Psychedelic and familiar but a false Dawn.
It hasn’t even been a year since the release of the excellent Far Cry 5 and here we sit with what is know as a ‘narrative sequel’ in our laps, Far Cry New Dawn.
Bursting with colour, in almost pop art style, there is a psychedelic look and feel to this iteration of the hugely popular series.
Spoiler alert: The story is set 17 years after the events of Far Cry 5. After the nuclear exchange known as “the Collapse” devastated the world, survivors attempt to rebuild the community in Hope County.
Their efforts are threatened by the Highwaymen, a roving band of organised bandits. With few other choices, the survivors form an alliance with New Eden - the remnants of the Project at Eden’s Gate - despite knowing that they may represent a greater threat than the Highwaymen themselves. The Deputy returns from FC5 as does main protagonist Joseph Seed. You take on the role of Captain and form part of a group that travels the country assisting other survivor groups in need.
I should say from the get go I am a huge Far Cry fan who still finds the exploration and progression system of the franchise utterly engrossing in FCND.
With the next generation of ever more powerful consoles looming on the horizon perhaps we are seeing the first seeds being planted of greater things to come in the next couple of years.Damien Lucas. gaming columnist
They say familiarity breeds contempt. And that certainly seems to be the case looking at other reviews since FCND launched on PS4, XB1 and Windows earlier this month.
It is true, to a degree this does feel like a DLC expansion. Not enough has been done to change the environment and make it interesting enough for a standalone title.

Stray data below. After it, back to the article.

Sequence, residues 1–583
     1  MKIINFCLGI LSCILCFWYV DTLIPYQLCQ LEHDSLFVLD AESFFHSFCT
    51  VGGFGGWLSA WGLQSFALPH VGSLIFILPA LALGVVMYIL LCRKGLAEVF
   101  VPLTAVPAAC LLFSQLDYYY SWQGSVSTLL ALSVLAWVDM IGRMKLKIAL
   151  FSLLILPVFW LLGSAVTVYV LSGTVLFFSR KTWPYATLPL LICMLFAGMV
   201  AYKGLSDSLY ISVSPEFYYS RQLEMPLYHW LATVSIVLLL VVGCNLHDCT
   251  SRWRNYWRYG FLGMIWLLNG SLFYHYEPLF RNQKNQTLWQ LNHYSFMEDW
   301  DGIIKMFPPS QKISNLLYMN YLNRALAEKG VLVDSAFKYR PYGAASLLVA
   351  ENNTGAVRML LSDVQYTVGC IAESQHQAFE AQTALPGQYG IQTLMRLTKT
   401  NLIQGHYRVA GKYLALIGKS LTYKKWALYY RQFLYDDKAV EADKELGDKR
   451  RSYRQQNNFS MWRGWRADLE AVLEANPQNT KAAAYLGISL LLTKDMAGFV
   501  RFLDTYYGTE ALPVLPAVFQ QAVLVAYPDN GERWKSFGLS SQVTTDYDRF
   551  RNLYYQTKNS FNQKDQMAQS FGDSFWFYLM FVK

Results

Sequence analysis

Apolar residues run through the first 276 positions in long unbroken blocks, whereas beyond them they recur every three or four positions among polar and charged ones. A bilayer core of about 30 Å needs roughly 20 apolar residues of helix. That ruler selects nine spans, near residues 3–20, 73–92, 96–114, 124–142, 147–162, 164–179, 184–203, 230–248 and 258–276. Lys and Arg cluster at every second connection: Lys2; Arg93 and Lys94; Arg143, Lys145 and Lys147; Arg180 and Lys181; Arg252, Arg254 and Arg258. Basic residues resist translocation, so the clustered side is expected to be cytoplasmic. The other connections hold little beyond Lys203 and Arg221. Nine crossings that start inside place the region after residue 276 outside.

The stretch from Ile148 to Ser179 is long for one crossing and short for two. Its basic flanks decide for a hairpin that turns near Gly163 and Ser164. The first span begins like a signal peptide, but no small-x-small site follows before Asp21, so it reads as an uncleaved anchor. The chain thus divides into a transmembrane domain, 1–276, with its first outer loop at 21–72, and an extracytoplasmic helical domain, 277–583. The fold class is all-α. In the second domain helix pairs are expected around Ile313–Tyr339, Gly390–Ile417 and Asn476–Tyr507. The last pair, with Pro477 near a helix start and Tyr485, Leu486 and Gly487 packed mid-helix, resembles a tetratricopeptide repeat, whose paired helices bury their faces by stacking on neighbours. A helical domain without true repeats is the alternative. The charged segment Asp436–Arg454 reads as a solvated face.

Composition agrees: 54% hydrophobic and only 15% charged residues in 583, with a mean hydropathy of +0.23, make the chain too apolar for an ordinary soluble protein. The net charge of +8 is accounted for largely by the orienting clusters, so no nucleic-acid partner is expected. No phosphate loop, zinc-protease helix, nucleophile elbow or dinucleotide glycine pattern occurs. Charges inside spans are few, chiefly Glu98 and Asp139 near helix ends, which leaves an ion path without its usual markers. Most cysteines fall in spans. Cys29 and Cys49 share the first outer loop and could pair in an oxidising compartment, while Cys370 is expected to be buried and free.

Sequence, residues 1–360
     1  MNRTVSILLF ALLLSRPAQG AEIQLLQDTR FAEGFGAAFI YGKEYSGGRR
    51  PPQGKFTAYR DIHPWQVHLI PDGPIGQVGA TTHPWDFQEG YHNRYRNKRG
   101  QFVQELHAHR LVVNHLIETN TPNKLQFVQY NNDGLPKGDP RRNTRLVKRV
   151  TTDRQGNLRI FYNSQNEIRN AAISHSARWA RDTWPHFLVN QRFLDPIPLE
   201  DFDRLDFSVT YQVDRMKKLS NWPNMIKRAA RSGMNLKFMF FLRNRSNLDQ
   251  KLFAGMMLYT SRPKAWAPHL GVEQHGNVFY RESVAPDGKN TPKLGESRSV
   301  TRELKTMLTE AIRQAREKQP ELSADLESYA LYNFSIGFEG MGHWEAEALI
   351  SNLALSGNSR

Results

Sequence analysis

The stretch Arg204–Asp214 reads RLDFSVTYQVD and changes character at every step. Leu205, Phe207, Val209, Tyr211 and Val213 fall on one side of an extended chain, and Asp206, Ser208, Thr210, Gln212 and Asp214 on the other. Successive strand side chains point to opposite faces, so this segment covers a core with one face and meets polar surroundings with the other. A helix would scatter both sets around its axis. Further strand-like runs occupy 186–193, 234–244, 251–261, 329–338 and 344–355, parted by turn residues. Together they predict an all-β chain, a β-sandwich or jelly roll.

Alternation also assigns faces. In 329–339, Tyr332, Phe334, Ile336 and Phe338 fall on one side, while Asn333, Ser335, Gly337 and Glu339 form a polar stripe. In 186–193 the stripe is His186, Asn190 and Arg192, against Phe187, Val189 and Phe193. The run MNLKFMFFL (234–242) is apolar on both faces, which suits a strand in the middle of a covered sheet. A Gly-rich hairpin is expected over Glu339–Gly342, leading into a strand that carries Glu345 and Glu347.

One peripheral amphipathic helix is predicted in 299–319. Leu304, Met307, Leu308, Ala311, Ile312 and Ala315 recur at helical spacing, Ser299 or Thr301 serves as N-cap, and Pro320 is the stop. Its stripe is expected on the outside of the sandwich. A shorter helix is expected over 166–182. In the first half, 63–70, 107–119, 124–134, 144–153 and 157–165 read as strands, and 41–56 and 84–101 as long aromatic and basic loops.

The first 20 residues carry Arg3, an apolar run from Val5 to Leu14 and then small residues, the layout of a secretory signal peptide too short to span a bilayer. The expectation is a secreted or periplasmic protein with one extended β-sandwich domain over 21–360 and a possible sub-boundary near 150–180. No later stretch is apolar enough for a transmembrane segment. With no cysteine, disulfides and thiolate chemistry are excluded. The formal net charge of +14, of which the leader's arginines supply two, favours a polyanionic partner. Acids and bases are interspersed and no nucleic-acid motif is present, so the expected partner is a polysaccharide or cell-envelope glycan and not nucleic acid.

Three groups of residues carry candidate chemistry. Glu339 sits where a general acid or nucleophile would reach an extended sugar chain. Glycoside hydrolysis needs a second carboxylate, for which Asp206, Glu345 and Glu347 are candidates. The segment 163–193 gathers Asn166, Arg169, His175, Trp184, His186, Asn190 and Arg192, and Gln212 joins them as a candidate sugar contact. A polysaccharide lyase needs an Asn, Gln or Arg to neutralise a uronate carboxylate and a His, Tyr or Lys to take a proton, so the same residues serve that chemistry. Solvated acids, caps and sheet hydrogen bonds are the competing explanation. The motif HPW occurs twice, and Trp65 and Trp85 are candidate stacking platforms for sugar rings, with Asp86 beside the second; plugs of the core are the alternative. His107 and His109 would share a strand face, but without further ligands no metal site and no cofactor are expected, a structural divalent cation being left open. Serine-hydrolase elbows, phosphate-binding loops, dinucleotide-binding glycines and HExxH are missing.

Personally I welcomed the diluted RPG element as I am not an RPG fan - but that will undoubtedly grate on a large section of gamers.
Unfortunately it seems indicative of the wider game too. Everything just feels a bit diluted and the usual time and care put into Far Cry titles is missing.
The storyline and narrative leaves a lot to be desired too. The reworked openworld is cool and fun/rewarding to explore in equal measure.
And there are some superb new elements to make things interesting. Human superpowers eventually make combat thrilling and the expeditions are the game’s crowning achievement as they really offer Ubisoft the chance to show off their best-in-class world design.
There are so many ambitious ideas in New Dawn but it seems they were not fully realised as they would have been with a bigger timeframe for the latest release.
With the next generation of ever more powerful consoles looming on the horizon perhaps we are seeing the first seeds being planted of greater things to come in the next couple of years.
Far Cry New Dawn is still a thoroughly enjoyable playthrough. I imagine Far Cry games always will be.
I guess what takes the edge off here is the nagging feeling that it could and probably should have been so much more.